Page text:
Looking to the future and talking about the planet's limits, it becomes clear that consumption is killing our planet. It heats up the climate, consumes too much fossil energy and destroys people's habitats, landscapes and livelihoods. Neither is the same, and it is time that people stopped using one to sell the other.
It is not nature that pays the price, but the millions of people who work in exploitative conditions, says Greenpeace's Kirsten. The logic of the Earth replaces the logic of economic growth, the greatest factor limiting change, with a sustainable modelling logic that puts the planet and everything on it at the center. It is a starting point for the world because it is about people and not profits.
For a brand that calls itself sustainable, there is controversy over the frequent use of the concept in terms of fashion, and the concept of using labels like "slow sustainable fashion" is something of an oxymoron. However, there are comparison sites such as the ranking of brands that are the best you can get to compare fashion brands and their sustainability record, and they at least give consumers a clue. If the social and environmental benefits are sufficiently comprehensive, they can be classified as ethical.
Over the past decade, at least half a dozen traditional brands have reorganized in response to fashion's ecological crisis, and hundreds of new ones have launched attacks on the problem on several fronts. Fast Fashion, the most polluting industry, struggles with ethical issues and runs sweatshops that expose workers to dangerous conditions and exploitation. At the same time, labels are increasingly paying attention to their impact on workers, the environment and consumers.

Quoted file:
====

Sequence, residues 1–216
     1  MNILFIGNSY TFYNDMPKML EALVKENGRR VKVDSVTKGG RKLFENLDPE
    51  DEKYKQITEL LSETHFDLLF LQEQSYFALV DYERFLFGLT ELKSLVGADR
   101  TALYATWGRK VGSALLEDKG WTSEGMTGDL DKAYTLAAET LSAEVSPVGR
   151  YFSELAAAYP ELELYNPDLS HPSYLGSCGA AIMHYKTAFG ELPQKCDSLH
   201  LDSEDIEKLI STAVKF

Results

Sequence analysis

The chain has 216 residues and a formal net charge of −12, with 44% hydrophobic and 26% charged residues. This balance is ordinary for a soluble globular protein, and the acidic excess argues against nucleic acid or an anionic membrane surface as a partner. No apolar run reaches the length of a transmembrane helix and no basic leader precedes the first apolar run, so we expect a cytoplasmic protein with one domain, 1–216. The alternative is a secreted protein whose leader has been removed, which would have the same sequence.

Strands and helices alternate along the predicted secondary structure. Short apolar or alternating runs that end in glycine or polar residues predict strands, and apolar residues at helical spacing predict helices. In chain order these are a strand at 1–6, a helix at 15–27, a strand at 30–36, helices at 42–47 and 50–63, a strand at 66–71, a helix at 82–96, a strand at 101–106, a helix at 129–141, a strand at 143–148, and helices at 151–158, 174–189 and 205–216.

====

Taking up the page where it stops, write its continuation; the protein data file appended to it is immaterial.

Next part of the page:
But at the same time, your favorite "sustainable" brand may be lying to you about its practices.
With sustainability becoming less of an actual goal and more of a marketing strategy for brands, consumers are left to engage with ethical questions: Are the products they're buying really green? Or are they just portrayed that way?
Between cheap labor, clothing pollution, and Fast Fashion, the fashion industry is full of sustainability issues that both companies and some consumers ignore. After 2020 brought increased activism and education, though, many customers are looking to shop more sustainably, while also supporting smaller brands and individuals through their shopping. Apparently, overnight, it became far harder for brands to hide behind empty slogans, pretty photos, or vague campaigns. Now, consumers want to see real action and tangible change, not marketing.
Following a challenging year, the world is beginning to re-emerge, and we believe now is the right time to really celebrate the joy of Style and Fashion. New sustainable brands don't have the marketing and advertising power that big luxury brands do, making it challenging to create the same "aura" as luxury brands.
And we are here to provide them with their own glamours, combined with art and music, a place to present their collection to a new audience and for the press to review it.
We also now have to make sure we celebrate brands who are progressing their ideas visually and sustainably and showcasing the values of a creative, ethical business.
It’s hard to deny that catwalks still possess a magical power that transforms clothing into desirable fashion. No matter how outdated and unnecessary they may seem, the allure of runway shows simply can’t be replicated.